Interest in ‘Trackless Trolley Systems’ started in the early 1900’s when many such systems were introduced abroad.
Deputations from Manchester, Leeds and Bradford, amongst others, all travelled to Europe to inspect systems there, and the first British company, the Railless Electric Traction Company Limited, was formed to promote the idea.
Eager to join this potentially lucrative market, several companies obtained British licences for European trolley systems, including the Railless Company, who held the licence for the Max Scheimann system, which consisted of two under-running trolley poles with collector wheels that were attached to the roof of the trolleybus.
The overhead consisted of two wires, 13½ inches apart, one of which was negative and one positive, in the conventional tramway style.
Other systems on offer at the time were;
· The ‘Cedes-Stoll’ system, which had the trolley running along the top of the two wires and connected to the trolleybus by a flexible cable that was towed along behind. When two trolleybuses met they had to exchange trolleys to enable them to pass. A British Company, Cedes Electric Traction Limited, held the British licence for this system.
· The ‘Bremen’ system, which had the two wires, placed one above the other with the uppermost wire being the negative. The wheeled-trolley ran along the top wire and a bow collector slid under the lower wire. It was connected to the trolleybus by a flexible cable and, again, they had to be exchanged if two vehicles were to pass each other. The Brush Company held the British licence for this system.
· The ‘Filovia’ system, which used a single trolley pole fitted with a wheeled trolley that ran under both horizontal trolley wires.
In 1911, both Leeds and Bradford introduced trolleybuses to the Railless design, and in the period to 1914 a further 8 systems were opened.
At this point the onset of World War I had a dramatic effect on the development of the trolleybus. Since most of the equipment had been manufactured in Germany, the enactment of the Trading With the Enemy Act, of 1914, meant that spares became unobtainable.
In 1916, as a result of this, and other difficulties, the Railless Electric Traction Company went into receivership, eventually being sold to Short Brothers, who formed a new company Railless Ltd., to develop the system further.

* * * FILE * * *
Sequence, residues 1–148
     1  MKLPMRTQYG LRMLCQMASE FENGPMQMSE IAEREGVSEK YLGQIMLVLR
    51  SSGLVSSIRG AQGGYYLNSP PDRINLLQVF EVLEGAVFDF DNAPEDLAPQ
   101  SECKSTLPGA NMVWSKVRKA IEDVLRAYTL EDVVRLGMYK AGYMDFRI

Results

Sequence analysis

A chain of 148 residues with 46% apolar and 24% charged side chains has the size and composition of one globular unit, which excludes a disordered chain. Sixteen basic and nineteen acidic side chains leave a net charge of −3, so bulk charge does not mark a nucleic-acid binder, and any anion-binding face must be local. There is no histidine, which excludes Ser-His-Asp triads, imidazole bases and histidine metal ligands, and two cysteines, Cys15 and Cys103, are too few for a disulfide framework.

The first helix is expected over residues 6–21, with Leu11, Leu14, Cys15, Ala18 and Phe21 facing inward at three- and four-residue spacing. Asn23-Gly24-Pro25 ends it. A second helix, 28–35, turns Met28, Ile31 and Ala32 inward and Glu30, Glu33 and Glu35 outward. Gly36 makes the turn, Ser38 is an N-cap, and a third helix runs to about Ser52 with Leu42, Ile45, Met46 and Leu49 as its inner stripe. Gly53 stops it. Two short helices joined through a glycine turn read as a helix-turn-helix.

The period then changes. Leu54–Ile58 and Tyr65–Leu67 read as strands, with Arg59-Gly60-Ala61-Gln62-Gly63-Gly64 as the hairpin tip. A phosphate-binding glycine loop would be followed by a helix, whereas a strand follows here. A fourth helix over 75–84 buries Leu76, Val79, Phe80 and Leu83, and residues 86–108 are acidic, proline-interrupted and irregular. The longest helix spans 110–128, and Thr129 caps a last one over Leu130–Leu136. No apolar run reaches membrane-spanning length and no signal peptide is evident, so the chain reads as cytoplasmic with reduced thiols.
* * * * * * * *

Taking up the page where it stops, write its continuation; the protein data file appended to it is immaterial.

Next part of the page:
By 1921 other suppliers had started to introduce trolleybuses based on the standard commercial petrol chassis adapted to take electric motors.
The earlier Railless design, using tramway ideas and equipment gradually went out of favour and, in 1926, Short Brothers decided to concentrate on more lucrative aspects of their business and the Railless company bowed out of trolleybus manufacture.
At the same time, English Electric, who had supplied much of the electrical equipment for Railless, decided to provide its own chassis. An experimental vehicle was built using a Leyland chassis, although subsequently English Electric produced its own chassis.
It was not entirely successful and in 1930 a joint venture was undertaken with AEC, who would supply the chassis, whilst English Electric would supply the bodywork and electrical equipment.
Guy Motors had also entered the trolleybus market in 1926 with its three-axle double-deck vehicle, which was to set the trend for the next few years.
Anxious not to miss out, Leyland Motors began to produce its first trolleybuses in 1932, after joining forces with the General Electric Company, who supplied the electrical equipment.
In 1935 Crossley Motors joined the growing band of trolleybus manufacturers when it supplied Manchester and Ashton-under-Lyne Corporations with models, and in 1936 Daimler started to produce four- and six-wheel trolleybuses.
The following year, 1937, demand for British trolleybuses had reached a peak, and 24 trolleybuses were on display at the Commercial Motor Show in that year.
The onset of World War II in 1939 resulted in some trolleybus manufacturers diverting their production to the war effort.
As a result the Sunbeam factory at Wolverhampton was chosen to provide wartime replacements for many of the ageing trolleybuses, which could be obtained under either the Sunbeam or Karrier badge.
Undertakings qualifying for new wartime deliveries were required to sell their ageing trolleybuses to undertakings that did not qualify, and, in many cases, the more troublesome and less reliable vehicles were passed on first.
At the end of the war, the Sunbeam operations were sold to Brockhouse & Company, who sold the company again, after re-naming it the Sunbeam Trolleybus Company, in 1948 to Guy Motors, who ceased manufacturing its own range of trolleybuses and marketed the Sunbeam range instead.
A major nail in the coffin of the trolleybus was the nationalisation of the electricity industry in 1948. Up until that time many undertakings also owned their local electricity company, allowing them to supply electricity cheaply.
Once nationalisation was complete, these operators found themselves paying more for their electricity supplies and the trolleybus became less viable.
Consequently, the trolleybus market steadily declined and by 1951, Crossley, Guy and Daimler had all ceased manufacture of trolleybuses, although a new company, British United Traction Ltd., formed in 1946 with the amalgamation of the AEC and Leyland trolleybus activities, and Sunbeam continued to offer trolleybuses.
In 1962 Sunbeam produced their final trolleybuses for the British market, supplied to Bournemouth Corporation, and in 1964 the BUT factory built its last trolleybuses.
The sight of trolleybuses in service declined steadily thereafter until, in March 1972, the final trolleybuses in passenger-carrying service, at Bradford, ceased to run, bringing to an end the trolleybus era.